Today was the last day of the Republican National Convention.  I’ve spent the last week watching the media watch the protesters slowly ripen in the Florida sun, then hurry back to television studios to transform images of the sad, stinking, minuscule, drum-banging, shouting debacle into images of noble massings of freedom fighters — using no tool other than the magic of media bias.

Much of this bias depends upon behaving as if the protesters are victims, rather than instigators of violence and authors of every last one of their own problems.  The New Yorker’s Nathaniel Stein wins the prize for the most fictional imagining of non-existent police cruelty.  I have not and will not be reading Fifty Shades of Grey, but Stein’s whiney attempt at protester pathos certainly sounds like it — sounds like channeling cheap S & M porn.  That is the really offensive thing: how the protesters are exhibitionists; how they force the rest of us to deal with them acting out on the streets.

Remember when civil disobedience meant you got arrested to make a point, and didn’t whine about it?  Not anymore.

The media worked extremely hard to whitewash the protesters’ behavior and message.  But thanks to endless egos and the magic of the internet, there’s a factual record.  Tonight, protesters live-streamed themselves flailing around Tampa shouting “One Two Three Four, It’s a F*****g Class War; Five, Six Seven, Eight, Organize To Smash The State” . . . interspersed by incredibly embarrassing comments scotching the live feed — lots of metrosexual chest-puffery and breathless self-congratulation, hysteria about “safety in numbers” though the police were patiently humoring them, and the occasional butchering of a Woody Guthrie song.

They chanted “Get those animals off those horses” about the police.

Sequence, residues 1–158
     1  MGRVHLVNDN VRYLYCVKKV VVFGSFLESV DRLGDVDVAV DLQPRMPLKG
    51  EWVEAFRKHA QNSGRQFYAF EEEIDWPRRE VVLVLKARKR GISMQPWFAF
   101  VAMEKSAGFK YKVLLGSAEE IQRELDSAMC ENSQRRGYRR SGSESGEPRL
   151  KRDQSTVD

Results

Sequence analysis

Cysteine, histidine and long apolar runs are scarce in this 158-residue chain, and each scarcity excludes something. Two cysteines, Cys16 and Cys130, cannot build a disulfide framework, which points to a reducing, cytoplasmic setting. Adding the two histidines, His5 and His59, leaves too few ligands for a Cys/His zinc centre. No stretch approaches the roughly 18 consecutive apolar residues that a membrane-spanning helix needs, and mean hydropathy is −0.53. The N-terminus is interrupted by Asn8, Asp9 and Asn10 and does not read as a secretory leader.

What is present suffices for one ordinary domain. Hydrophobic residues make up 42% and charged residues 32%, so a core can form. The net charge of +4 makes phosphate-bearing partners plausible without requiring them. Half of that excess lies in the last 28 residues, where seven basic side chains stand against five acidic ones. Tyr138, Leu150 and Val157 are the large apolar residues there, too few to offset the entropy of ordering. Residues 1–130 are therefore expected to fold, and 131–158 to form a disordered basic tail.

They chanted “Let’s Dance Anarchy” while jumping up and down.  Yet, they’re clearly older than 18.

They blew weirdly emasculating noisemakers.

It’s pathetic.

And they wonder why nobody shows up anymore.

Not that you’ll hear or see any of that on the evening news.

Plus, their puppet sucks.

One of the things that struck me this week was the difference between young protesters and young cops.  Tattooed, druggy, dirty, self-indulgent, screeching, potty-mouthed kids versus clean-cut, earnest, polite, healthy-looking, disciplined, serious kids.  This does not reflect well on the Left.

I heard several police officers express concern for the protesters.  They brought them food and watched to make sure the naive runaways among them didn’t end up tangling with the more unhinged homeless people sharing tents with them at the camps.

In return, the protesters screamed “pigs” at the police and complained that they weren’t handing out enough free water.  “One bottle is pathetic,” someone sneered.

Enough with the patience and prudence.  It’s time for tough love for these infants.  Or, at least, accurate coverage by the media.


Speaking of which, I was downtown at the Citizens United tent at the RNC today, watching the premiere of Occupy Unmasked.  The filmmakers had graciously invited Medea Benjamin from Code Pink to see the premiere, which was nice enough, but it meant that the rest of the audience had to be subjected to Benjamin blathering on self-importantly during the Q & A.  There’s such a thing as being too nice: the woman is unhinged.

At the same time, and likely in collusion with Code Pink, a busload of protesters tried to invade the Apollo Beach power plant near my home.

If you or I did these things, we’d be arrested.  But the protesters have created pressures that force the rest of us to babysit them.  This is the essence of the Occupy movement: radical dependency projected outward on society.  Performative dependency consisting of childish actions and shrieks that escalate until we’re forced to react.

After invading the power plant, protesters used chains, superglue and PVC to handcuff themselves together on the pavement.  Police had to get tools and cut them apart.  That’s our tax dollars dripping away in a tidal wave of adolescent stupidity.

If you’re not going to arrest them, just leave them to bake on the Florida asphalt.  They won’t do it twice.

A curious thing about the Apollo Beach power plant: the warm water running from its drainpipes makes an appealing environment for manatees.  The result is a strange symbiosis of nature and human energy production.  What would it take for activists to stop seeing the human world as a purely evil place?

Manatees at the Apollo Beach Power Plant

Here’s a nice image to close out the Republican National Convention.  A police officer rescuing a baby squirrel.

Because, you know, that’s the way police are.

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